A limited company has the benefit of being able to enter into contracts in its own name and ss a separate legal entity from its owners, it means that all the company's liabilities are the responsibility of the company rather than the directors and shareholders.
The benefits should be viewed alongside the fact that the business and director details of a Limited Company are open to public scrutiny. Personal details of the directors and abbreviated accounts wil be openly available to the public via Companies House.
Choosing the right route for you
Making sure your business entity is right for your business is a key decision and we will guide you through this process, discussing your individual requirements and a risk assessment to ensure your business is set on the right path. Our advice will include considering your tax liability and make sure we consider the most beneficial route for you.
You have Limited liability – as your company is a separate legal entity, this can protect your personal assets from business creditors if the company finds itself in debt and has to cease trading. Business Status – from a trust perspecyive, the business appears more established and professional in its standing. Tax efficiency – Limited companies have the benefits of paying shareholders via dvidends which may be more tax efficient as they are taxed at a lower rate and do not attract National Insurance. Succession - In the event of a shareholder passing away or being unable to continue working, the succession process can be more straightforward.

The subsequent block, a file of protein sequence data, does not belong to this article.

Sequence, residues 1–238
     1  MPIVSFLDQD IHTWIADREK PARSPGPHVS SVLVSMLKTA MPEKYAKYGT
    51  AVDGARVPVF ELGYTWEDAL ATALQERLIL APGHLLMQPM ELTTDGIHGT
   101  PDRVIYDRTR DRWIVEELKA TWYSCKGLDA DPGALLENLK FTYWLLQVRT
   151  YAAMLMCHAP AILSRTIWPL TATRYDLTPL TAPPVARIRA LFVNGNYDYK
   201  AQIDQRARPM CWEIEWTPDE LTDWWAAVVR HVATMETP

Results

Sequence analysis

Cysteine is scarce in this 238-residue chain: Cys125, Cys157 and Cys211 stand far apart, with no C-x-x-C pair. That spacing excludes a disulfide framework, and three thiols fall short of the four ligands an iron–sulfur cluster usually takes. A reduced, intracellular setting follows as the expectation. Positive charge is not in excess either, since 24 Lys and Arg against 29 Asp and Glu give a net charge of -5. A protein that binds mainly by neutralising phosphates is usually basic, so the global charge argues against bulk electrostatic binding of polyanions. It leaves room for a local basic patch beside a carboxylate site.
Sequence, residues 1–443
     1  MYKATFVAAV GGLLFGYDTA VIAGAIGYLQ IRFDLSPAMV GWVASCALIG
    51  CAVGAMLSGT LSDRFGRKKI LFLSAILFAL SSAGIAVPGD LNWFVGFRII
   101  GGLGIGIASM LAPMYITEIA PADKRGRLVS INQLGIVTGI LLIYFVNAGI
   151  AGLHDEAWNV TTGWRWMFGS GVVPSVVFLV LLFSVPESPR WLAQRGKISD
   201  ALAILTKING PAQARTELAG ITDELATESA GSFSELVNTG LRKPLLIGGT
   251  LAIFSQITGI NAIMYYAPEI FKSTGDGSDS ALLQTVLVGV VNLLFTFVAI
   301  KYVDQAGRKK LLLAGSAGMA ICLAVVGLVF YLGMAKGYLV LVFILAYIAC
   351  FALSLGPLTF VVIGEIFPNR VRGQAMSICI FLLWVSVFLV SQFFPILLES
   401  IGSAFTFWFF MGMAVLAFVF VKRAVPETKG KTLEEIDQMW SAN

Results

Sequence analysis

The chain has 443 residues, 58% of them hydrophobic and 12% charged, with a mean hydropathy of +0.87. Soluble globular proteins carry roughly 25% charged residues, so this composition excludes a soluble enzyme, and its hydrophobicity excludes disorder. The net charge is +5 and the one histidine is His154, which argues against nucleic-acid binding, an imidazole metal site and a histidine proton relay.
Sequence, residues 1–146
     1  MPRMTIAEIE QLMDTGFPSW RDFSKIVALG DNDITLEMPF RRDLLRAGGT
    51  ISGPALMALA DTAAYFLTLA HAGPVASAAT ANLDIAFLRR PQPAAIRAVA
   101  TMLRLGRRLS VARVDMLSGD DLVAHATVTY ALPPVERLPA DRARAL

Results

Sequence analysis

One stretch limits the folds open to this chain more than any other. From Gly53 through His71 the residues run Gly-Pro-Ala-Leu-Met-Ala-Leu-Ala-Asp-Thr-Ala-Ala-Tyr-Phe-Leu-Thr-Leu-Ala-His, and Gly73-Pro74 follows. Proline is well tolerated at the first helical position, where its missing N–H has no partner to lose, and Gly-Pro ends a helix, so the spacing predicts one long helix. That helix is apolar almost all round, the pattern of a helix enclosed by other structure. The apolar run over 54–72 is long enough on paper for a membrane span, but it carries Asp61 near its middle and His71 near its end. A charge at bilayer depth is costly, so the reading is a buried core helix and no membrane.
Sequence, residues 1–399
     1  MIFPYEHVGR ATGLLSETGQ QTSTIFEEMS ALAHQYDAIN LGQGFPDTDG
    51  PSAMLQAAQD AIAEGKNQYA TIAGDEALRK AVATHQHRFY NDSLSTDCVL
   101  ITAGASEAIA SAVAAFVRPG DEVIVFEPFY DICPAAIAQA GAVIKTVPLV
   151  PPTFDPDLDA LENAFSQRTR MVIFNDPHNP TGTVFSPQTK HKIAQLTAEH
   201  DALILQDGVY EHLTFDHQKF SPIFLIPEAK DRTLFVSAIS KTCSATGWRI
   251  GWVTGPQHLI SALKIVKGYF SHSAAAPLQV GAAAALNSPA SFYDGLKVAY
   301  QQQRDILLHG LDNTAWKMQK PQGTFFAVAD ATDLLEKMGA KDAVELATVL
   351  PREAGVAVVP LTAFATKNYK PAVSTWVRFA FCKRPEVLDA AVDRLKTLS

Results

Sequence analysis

The disadvantages: Running Costs – there are additional costs to consider when setting up a Limited company and also ongoing annual costs for preparing company accounts and tax returns which may be higher than those paid by self-employed individuals. Public Scrutiny - As a limited company, your business must file their accounts and shareholder details with Companies House, this information is openly available via their website.
Audit requirement – In certain circumstances, your business may be subject to an audit. This is an examination of the financial statements of a company, such as the income statement, cash flow statement, and balance sheet. Audits provide investors and regulators with confidence in the accuracy of a corporation's financial reporting. This can be a costly undertaking, however most small businesses are exempt from this, we will advise on this, should you need to have an audit.
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